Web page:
Abstract: This paper studies how organizational design affects moral outcomes. Subjects face the decision to either kill mice for money or to save mice. We compare a Baseline treatment where subjects are fully pivotal to a Diffused-Pivotality treatment where subjects simultaneously choose in groups of eight. In the latter condition eight mice are killed if at least one subject opts for killing. The fraction of subjects deciding to kill is higher when pivotality is diffused. The likelihood of killing is monotone in subjective perceptions of pivotality. On an aggregate level many more mice are killed in Diffused-Pivotality than Baseline. -- Diese Arbeit untersucht den Einfluss von institutionellem Design auf moralische Entscheidungen. Die Teilnehmer entscheiden, ob sie dem Tod von Mäusen für Geld zustimmen möchten, oder ob sie die Mäuse retten möchten. Wir vergleichen eine Baseline-Versuchsanordnung, in der die Teilnehmer individuell über das Leben einer Maus entscheiden und somit sicher pivotal sind, mit einer Diffused-Pivotality-Anordnung, bei der simultan in Gruppen zu jeweils acht Mitgliedern entschieden wird. In letzterer Anordnung werden acht Mäuse getötet, wenn sich wenigstens ein Mitglied für die Tötung ausspricht. Die Anzahl der Personen, die der Tötung zustimmen, ist höher, wenn die Pivotalität gestreut ist. Die Wahrscheinlichkeit zu töten steigt in der Pivotalitätswahrnehmung der Teilnehmer. Auf aggregierter Ebene werden bei Diffused-Pivotality erheblich mehr Mäuse getötet als in der Baseline-Anordnung.
    Keywords: Diffused Pivotality,Moral Decision Making,Committees,Group Decisions,Moral Transgression
    JEL: C91 D01 D03 D23 D63
    Date: 2013
  5. By: Mohammed Abdellaoui (HEC-Paris & GREGHEC-CNRS, France); Olivier l'Haridon (CREM CNRS UMR 6211, University of Rennes 1, France); Corina Paraschiv (HEC-Paris & GREGHEC-CNRS, France)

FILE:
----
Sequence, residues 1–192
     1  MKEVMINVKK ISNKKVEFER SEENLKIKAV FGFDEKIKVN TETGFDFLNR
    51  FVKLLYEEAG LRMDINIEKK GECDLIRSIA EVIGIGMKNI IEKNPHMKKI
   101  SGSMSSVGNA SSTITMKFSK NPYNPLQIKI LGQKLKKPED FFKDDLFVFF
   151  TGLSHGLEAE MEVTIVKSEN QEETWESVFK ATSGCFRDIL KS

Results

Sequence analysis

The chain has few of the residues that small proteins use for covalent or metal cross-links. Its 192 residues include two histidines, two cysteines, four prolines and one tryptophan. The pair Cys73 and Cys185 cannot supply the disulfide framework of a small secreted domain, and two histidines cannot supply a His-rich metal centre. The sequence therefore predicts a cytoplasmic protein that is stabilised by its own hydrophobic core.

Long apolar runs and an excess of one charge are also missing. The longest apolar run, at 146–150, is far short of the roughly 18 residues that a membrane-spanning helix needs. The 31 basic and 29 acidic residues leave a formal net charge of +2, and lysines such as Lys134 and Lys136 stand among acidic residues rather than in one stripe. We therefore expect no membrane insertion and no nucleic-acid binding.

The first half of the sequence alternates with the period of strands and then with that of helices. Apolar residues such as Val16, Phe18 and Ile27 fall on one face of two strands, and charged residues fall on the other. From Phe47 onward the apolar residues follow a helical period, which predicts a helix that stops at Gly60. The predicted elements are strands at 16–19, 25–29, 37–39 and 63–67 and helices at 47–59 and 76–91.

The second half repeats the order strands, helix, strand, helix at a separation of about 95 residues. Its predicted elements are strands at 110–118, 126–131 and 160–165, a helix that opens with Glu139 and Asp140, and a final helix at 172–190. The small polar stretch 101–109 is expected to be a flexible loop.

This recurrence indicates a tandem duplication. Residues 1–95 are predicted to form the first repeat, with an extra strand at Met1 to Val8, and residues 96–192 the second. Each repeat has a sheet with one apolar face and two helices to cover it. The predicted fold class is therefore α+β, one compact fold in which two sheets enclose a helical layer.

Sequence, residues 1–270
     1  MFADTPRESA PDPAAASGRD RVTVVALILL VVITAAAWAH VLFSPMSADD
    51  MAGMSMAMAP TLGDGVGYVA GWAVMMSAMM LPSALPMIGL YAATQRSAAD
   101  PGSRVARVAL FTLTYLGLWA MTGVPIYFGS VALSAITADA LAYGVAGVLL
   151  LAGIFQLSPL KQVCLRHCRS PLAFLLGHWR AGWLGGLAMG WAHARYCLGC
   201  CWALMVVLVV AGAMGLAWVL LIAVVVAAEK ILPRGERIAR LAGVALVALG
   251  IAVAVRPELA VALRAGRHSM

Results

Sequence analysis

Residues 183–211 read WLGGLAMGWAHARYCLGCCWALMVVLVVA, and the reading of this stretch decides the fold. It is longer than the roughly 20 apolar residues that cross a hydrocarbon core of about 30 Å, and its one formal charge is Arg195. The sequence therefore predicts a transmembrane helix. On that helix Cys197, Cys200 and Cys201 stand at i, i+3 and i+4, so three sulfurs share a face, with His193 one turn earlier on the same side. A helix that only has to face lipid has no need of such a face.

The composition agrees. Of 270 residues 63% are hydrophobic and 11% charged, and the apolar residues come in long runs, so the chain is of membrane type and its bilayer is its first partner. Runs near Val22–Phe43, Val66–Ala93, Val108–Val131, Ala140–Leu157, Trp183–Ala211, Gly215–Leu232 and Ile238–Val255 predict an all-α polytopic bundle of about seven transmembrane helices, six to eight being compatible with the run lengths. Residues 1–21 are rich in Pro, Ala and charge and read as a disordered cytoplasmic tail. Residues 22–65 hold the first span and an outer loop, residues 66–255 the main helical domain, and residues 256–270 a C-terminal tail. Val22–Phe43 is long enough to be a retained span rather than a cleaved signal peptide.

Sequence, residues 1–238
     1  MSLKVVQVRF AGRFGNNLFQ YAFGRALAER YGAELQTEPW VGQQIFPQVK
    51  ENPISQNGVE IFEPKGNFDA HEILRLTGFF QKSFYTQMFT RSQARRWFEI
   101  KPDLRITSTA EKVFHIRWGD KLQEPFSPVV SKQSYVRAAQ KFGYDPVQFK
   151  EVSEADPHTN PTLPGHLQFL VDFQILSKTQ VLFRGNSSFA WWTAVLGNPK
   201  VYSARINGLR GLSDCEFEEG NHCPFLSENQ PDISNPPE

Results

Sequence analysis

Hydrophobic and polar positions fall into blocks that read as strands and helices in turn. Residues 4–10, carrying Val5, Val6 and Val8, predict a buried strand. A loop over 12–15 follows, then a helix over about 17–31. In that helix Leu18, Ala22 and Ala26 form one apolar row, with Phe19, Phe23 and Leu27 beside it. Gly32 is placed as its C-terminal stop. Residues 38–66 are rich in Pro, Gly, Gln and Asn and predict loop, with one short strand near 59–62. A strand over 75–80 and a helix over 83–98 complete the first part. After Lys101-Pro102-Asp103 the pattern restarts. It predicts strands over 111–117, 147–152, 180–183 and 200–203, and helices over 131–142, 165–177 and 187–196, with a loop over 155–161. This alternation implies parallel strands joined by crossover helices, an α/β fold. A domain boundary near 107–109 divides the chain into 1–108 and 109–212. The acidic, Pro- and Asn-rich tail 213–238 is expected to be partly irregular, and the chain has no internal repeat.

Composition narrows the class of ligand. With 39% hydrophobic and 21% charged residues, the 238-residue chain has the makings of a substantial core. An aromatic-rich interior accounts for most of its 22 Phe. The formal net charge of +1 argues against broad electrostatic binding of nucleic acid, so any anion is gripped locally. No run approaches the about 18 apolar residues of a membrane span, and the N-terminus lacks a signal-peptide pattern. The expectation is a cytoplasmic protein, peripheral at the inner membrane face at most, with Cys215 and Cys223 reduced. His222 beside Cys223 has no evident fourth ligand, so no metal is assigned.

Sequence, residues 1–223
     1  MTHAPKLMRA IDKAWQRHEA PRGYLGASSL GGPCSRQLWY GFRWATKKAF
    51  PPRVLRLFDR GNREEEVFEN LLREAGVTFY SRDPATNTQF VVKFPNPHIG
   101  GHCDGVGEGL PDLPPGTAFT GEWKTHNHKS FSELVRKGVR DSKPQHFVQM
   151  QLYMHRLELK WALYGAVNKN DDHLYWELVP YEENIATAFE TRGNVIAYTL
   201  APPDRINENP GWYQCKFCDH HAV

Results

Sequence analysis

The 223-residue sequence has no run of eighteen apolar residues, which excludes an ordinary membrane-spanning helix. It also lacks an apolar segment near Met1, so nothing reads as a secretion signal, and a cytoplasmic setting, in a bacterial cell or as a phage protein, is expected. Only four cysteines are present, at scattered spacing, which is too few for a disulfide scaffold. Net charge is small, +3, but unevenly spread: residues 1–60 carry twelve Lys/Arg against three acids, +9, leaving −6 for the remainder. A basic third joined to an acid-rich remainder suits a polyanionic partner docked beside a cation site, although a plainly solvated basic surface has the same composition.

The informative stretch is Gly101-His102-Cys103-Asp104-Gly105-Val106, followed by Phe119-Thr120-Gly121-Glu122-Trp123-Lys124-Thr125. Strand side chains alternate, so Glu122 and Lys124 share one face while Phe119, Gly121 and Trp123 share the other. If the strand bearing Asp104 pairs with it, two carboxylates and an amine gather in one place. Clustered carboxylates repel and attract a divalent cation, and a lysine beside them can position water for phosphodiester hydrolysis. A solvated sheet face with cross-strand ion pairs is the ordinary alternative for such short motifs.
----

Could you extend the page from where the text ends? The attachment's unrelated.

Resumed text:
Abstract: This paper examines couple time preferences by reporting the results of an ex- periment based on the elicitation of nearest equivalent values. Decisions involving delayed outcomes are studied for each of the two partners individually and for the couple. This allows for a direct comparison between couple behavior and individual partners’ behavior in choices over time. We use Fishburn and Rubinstein’s (1982) discounted utility model and infer measurements of utility and discounting at both the individual and the couple level. While utility is found to be similar for cou- ples and individuals, we observe that, in decision over time, couples discount future amounts of money less than individuals. This result suggests that making joint decisions significantly reduces revealed impatience. Moreover, we show that cou- ple time preferences cannot be considered as a mix of the individual preferences of each of the two partners. Taken together, these findings suggest that determinants of intertemporal decisions made by couples, such as financial decisions, should be considered as distinct from determinants of individual decisions.
    Keywords: Household decision-making, time preferences, hyperbolic discounting